Following on from our article “A unique shopping experience at Japan’s department stores” (https://tourist-note.com/20170709163224), we’re taking a look at four more to satisfy your shopping cravings.
While many of Japan’s department stores originated as small shops selling kimonos, they have now expanded to sell a broad range of items, with branches across the country and even internationally. They often include food courts and restaurants, beauty salons and exhibition spaces, as well as facilities for changing nappies and breastfeeding, making them a one-stop shopping destination. They are usually open from 10 am to 8 pm seven days a week and foreign tourists may be eligible for a consumption tax refund for purchases over 10,000JPY.
So if you want a one-stop shopping experience on your trip to Japan, plan a visit to one of these popular department stores.
First established in Nagoya in 1611, Matsuzakaya is one of the oldest department stores in the world. It originally sold wholesale silk kimonos and Japanese lacquerware, before expanding into cotton and linen kimonos and opening a second store in Kyoto in 1745. During the industrialization of the Meiji era, it was transformed into a western-style department store and its Ginza branch became the first store in Japan where customers could keep their shoes on. Today there are branches in Ueno, Shizuoka, Toyota, Aichi and Takatsuki, with its flagship store in Nagoya. It features an impressive Canadian-made pipe organ which is played for shoppers on weekends and special occasions. It also houses the Matsuzakaya Museum which showcases a range of topical exhibitions.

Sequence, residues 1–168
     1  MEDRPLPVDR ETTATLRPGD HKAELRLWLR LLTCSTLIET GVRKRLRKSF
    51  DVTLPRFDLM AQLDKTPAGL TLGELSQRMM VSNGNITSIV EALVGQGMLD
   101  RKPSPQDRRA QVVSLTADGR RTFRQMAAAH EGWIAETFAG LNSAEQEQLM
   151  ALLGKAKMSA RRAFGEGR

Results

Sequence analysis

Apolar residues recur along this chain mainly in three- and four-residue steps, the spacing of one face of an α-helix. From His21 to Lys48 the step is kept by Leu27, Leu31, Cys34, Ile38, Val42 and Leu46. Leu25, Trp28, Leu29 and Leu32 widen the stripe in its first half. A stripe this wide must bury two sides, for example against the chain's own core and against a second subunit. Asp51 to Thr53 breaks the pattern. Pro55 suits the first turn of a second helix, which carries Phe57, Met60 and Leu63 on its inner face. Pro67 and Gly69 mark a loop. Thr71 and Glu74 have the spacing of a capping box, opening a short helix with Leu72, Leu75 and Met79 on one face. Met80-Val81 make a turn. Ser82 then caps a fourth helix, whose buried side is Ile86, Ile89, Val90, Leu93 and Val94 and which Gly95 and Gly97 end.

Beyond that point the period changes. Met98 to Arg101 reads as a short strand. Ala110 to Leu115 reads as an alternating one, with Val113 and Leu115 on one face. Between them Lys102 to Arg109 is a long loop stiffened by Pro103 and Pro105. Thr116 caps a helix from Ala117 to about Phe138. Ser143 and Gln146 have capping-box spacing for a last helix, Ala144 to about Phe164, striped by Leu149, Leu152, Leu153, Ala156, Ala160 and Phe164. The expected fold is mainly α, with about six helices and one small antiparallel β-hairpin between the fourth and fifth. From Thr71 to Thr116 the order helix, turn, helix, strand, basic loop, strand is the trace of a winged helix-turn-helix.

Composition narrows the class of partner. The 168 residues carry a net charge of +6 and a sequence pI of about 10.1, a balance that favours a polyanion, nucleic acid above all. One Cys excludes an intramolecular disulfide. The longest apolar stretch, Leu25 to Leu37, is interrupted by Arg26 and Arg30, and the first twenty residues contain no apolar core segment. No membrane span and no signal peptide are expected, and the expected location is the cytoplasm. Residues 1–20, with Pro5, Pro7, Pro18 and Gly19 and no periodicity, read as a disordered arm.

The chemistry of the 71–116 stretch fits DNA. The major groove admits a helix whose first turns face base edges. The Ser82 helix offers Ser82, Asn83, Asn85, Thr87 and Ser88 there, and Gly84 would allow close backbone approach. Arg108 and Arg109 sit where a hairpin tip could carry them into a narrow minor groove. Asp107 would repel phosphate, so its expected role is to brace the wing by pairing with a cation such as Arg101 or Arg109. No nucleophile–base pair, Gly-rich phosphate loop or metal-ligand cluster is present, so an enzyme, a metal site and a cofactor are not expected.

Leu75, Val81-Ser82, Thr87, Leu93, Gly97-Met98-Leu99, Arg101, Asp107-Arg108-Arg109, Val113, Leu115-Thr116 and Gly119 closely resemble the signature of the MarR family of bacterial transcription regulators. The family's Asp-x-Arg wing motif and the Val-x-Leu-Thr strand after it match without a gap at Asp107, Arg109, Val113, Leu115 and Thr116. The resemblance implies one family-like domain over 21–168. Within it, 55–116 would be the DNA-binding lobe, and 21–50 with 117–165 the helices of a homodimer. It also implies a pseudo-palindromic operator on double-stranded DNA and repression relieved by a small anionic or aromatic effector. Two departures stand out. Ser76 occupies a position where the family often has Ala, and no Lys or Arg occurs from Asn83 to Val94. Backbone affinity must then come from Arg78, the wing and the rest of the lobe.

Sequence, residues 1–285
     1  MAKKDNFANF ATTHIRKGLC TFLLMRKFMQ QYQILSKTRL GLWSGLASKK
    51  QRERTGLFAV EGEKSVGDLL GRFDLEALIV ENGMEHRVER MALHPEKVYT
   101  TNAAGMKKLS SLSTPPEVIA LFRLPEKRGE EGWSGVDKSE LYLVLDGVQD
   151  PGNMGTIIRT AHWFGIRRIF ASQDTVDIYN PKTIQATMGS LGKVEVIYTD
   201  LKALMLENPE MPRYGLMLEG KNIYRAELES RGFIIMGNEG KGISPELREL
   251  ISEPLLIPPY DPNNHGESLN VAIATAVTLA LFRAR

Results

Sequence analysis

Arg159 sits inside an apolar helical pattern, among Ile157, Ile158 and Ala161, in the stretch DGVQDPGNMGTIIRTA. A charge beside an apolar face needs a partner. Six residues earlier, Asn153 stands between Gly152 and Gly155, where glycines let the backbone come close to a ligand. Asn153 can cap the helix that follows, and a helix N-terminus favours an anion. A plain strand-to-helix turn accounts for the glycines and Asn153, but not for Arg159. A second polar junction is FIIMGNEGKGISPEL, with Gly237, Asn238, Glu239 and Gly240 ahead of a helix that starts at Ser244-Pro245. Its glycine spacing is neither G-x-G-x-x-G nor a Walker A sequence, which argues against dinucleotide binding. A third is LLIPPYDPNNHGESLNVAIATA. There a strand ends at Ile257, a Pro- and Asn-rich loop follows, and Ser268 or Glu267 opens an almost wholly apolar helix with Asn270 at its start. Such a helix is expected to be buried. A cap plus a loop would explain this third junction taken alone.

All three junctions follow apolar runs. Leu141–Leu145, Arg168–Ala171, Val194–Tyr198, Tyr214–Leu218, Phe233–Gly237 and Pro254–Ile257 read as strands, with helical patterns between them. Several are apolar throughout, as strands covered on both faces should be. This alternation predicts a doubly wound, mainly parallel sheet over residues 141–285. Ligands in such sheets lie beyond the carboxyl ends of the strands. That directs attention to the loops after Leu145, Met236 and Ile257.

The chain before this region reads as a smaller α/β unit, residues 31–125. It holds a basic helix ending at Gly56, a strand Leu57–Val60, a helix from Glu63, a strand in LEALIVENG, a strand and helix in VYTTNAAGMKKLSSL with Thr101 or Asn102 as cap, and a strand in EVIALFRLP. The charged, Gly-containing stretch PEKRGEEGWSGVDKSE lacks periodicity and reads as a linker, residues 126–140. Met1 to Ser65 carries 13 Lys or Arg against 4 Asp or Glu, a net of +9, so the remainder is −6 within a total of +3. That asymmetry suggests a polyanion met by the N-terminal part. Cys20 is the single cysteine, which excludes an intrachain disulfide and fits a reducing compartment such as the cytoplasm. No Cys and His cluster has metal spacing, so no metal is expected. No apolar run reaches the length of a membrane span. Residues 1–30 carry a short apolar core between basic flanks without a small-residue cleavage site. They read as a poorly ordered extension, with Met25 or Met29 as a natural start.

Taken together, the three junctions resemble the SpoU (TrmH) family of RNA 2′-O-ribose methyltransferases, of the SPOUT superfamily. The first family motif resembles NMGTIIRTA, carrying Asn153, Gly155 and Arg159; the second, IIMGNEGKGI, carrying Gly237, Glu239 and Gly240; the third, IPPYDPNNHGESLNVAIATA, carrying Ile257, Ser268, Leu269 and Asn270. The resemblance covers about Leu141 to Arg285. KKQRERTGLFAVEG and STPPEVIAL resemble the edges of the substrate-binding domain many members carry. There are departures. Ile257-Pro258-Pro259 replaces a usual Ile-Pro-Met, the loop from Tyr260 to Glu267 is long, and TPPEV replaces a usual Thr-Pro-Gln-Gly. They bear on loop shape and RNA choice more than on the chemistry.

Matsuzakaya Nagoya Address: 3-16-1, Sakae, Naka-ku, Nagoya-shi, Aichi
First opened in Kyoto in 1831, Takashimaya originally specialized in selling formal kimonos known as gofuku. A second store opened in Kyoto in 1893, followed by branches in Tokyo and Osaka four years later. During the 1930s, it expanded with a “10, 20 and 50 sen store” (which preceded today’s 100 yen stores) and opened its flagship branches in Namba (Osaka) and Ginza (Tokyo). Takashimaya was also responsible for the country’s first American-style shopping mall which opened near Tokyo’s Futako-Tamagawa Station in 1969. It has a reputation for luxury and opulence, with many visiting to soak up the elegance and dine at its high-end restaurants.
Takashimaya Nihombashi Address: 2-4-1, Nihombashi, Chūō-ku, Tokyo
When Hankyu opened in Umeda in 1929, it was the world’s first department store at a railway terminal. It has made a name for itself by being a fashion trendsetter, with its international boutiques featuring luxury designer brands. It also features one of the largest cosmetics sections in Japan, with both domestic and overseas brands, and a three-floor food section with Japanese, Chinese and Western choices. There are also stores in Yokohama, Tokyo, Fukuoka and Nishinomiya, as well as two franchises in Taiwan.
Hankyu Umeda Address: 8-7, Kakudacho, Kita-ku, Ōsaka-shi, Osaka
Selling designer fashion for both men and women, as well as high-end goods for the home, cosmetics and accessories, Tokyu’s flagship store is at Shibuya Honten in Tokyo. There is a good selection of local street wear brands and the company also operates the Tokyu Hands multi-level hobby, stationery and home goods store. While Tokyu is Tokyo-based, with another store in Kichijoji, there are also branches in Tama Plaza and Sapporo, and international stores in Bangkok at the MBK Center and Paradise Park.
Tokyu Shibuya Honten: 2-24-1 Dogenzaka, Shibuya, Tokyo
(top picture source: https://commons.wikimedia.org/wiki/File:Matsuya_Ginza.jpg)